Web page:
The names fashion brands are fighting over now want to make the world a better place. The 18-year-old tennis superstar Emma Raducanu, for example, was at LFW, attending a party as the new face of Tiffany & Co. The co-chairs of the Met Gala are singer Billie Eilish, 19, Timothée Chalamet, 26, tennis star and Black Lives Matter campaigner Naomi Osaka, 23, and poet Amanda Gorman, also 23, who shot to fame at Joe Biden’s inauguration. Gorman has just signed up as Estée Lauder’s first “global changemaker”, which will see her allocating $3 million of grants to promote literacy among girls and women, and also star in adverts.

Timothée Chalamet (AFP via Getty Images)
Timothée Chalamet (AFP via Getty Images)

The hyper social media set

TikTok is working hard to make inroads in fashion, sponsoring LFW’s talent incubator Newgen this season. Rush sees the new fashion week crowd as “a merging of two worlds”, after social media boomed in the pandemic. “Fashion week feels as though it is pivoting slightly to new designers, so the synergy with TikTok does feel fitting,” says Cassandra Russell, head of fashion, luxury, beauty and retail brand partnerships at TikTok. She describes the app as “a happy place on the internet”, with its explorations of the inclusive side of fashion, from knitting challenges to catwalk outfits crafted from charity shop finds.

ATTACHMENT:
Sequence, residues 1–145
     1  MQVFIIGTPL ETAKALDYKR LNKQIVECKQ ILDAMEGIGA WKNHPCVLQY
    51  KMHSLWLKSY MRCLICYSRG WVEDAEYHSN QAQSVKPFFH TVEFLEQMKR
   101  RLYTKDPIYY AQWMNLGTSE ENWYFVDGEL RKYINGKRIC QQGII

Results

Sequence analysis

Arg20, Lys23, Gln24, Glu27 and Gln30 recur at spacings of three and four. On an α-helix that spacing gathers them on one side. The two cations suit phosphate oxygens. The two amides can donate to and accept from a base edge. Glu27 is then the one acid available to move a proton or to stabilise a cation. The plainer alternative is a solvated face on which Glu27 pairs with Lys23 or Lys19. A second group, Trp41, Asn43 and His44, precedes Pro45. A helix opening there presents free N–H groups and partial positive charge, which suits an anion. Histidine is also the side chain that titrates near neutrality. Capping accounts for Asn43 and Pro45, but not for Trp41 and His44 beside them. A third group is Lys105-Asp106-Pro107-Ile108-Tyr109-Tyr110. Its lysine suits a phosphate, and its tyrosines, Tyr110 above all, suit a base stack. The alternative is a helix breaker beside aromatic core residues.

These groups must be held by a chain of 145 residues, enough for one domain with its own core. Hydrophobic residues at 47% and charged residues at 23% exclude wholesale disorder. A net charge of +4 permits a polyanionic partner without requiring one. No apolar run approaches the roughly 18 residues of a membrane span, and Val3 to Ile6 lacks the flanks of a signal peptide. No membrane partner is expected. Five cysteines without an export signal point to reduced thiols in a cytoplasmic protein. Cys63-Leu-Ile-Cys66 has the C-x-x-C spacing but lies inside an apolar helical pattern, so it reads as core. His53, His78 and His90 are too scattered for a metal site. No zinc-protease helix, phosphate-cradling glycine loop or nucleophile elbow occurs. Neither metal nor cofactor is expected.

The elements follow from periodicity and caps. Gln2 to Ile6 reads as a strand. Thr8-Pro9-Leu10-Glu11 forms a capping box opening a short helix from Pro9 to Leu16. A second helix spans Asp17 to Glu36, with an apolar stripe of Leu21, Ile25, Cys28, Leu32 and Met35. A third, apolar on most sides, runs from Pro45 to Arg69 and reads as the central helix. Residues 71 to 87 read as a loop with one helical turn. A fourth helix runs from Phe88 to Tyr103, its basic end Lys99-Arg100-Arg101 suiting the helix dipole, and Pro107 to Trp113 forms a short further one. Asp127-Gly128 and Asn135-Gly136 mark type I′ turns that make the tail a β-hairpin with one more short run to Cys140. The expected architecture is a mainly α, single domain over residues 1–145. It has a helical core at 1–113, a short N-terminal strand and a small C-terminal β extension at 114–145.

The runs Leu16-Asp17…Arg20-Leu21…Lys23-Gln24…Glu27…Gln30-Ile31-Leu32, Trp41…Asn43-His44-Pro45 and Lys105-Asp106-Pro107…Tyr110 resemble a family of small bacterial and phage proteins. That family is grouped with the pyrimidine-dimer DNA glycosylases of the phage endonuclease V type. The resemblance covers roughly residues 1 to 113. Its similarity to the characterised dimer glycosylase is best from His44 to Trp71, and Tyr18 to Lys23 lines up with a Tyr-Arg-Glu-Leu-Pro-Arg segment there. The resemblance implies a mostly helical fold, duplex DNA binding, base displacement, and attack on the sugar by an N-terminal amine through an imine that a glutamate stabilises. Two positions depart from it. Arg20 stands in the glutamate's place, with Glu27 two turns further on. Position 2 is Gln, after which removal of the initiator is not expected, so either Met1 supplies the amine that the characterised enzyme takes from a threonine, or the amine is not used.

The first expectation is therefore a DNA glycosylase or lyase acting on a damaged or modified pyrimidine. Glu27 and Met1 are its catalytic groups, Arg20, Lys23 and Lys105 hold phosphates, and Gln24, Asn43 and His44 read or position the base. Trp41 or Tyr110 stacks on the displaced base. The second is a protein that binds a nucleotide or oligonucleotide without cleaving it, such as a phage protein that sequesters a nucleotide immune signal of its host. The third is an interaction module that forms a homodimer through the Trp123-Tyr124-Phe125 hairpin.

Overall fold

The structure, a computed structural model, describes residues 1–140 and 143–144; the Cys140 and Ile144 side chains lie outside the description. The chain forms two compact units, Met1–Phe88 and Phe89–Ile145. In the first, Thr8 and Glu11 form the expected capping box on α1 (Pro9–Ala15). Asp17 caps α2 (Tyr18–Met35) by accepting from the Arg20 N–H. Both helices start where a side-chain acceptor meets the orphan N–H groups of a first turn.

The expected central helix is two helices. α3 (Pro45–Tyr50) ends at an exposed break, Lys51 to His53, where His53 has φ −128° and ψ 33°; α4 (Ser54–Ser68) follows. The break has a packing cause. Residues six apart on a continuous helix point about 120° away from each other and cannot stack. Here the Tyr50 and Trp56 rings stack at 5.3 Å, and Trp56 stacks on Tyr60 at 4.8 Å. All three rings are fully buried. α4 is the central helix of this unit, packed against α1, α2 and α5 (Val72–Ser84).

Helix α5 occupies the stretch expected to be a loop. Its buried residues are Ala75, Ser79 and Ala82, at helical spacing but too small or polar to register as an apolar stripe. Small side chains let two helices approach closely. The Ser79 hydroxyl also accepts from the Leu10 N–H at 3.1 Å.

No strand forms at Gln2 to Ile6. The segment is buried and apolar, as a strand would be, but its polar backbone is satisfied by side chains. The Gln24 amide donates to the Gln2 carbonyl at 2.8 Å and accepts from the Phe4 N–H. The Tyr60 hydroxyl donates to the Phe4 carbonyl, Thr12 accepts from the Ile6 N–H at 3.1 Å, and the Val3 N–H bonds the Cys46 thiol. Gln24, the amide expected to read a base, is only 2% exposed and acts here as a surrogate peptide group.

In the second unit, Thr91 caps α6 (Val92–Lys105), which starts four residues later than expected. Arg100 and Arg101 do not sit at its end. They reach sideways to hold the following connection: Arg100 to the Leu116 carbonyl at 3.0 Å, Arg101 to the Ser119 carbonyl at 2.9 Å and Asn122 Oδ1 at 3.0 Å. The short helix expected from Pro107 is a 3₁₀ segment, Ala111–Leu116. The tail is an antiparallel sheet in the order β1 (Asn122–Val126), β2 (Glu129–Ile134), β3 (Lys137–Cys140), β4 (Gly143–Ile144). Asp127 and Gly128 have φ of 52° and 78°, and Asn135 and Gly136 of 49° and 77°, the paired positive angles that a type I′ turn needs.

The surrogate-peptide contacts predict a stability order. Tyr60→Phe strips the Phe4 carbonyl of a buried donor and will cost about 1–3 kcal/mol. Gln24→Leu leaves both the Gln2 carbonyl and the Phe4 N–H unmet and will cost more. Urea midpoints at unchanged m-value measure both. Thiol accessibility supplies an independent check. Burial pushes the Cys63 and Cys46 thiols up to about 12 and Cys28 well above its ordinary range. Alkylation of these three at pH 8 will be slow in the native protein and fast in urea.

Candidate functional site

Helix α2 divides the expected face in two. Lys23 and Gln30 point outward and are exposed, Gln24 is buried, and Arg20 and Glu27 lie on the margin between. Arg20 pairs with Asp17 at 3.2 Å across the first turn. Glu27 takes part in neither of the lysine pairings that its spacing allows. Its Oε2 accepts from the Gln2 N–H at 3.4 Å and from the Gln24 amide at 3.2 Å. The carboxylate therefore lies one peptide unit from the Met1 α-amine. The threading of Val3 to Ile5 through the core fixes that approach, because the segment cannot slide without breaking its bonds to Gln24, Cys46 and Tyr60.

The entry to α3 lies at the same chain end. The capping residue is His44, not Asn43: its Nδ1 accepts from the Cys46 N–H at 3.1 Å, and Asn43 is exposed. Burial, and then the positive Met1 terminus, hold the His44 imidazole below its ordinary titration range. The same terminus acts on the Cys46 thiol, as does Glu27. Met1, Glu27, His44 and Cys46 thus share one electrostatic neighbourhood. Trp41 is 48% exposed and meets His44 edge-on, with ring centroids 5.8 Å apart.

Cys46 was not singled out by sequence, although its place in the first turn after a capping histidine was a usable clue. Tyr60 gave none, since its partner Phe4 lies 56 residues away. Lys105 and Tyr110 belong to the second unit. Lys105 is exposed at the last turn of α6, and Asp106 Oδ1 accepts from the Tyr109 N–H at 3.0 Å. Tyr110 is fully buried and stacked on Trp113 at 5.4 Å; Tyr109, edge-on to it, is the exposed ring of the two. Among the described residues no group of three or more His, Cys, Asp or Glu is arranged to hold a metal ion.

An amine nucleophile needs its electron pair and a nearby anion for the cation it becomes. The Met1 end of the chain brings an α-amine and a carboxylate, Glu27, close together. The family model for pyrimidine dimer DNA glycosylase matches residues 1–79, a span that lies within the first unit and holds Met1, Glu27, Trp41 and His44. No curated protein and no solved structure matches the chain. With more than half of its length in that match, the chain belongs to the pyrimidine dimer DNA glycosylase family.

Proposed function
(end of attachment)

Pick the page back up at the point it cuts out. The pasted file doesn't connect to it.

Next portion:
Poet Amanda Gorman (Invision)
Poet Amanda Gorman (Invision)

The cult cultural pin-ups

With international travel limited, and money tight for many brands, it was no surprise that A-list stars were thin on the ground this London Fashion Week, leaving space for a new scene that PR Mandi Lennard found cheering. “I haven’t seen anything like this since the bloggers broke through,” she says, listing creatives from photographer Amber Pinkerton, to rapper Shy Girl, to model Deba Hekmat, all of whom “stand for something, which shows where creative London is moving”.

Emma Dabiri at Rejina Pyo (Dave Benett)
Emma Dabiri at Rejina Pyo (Dave Benett)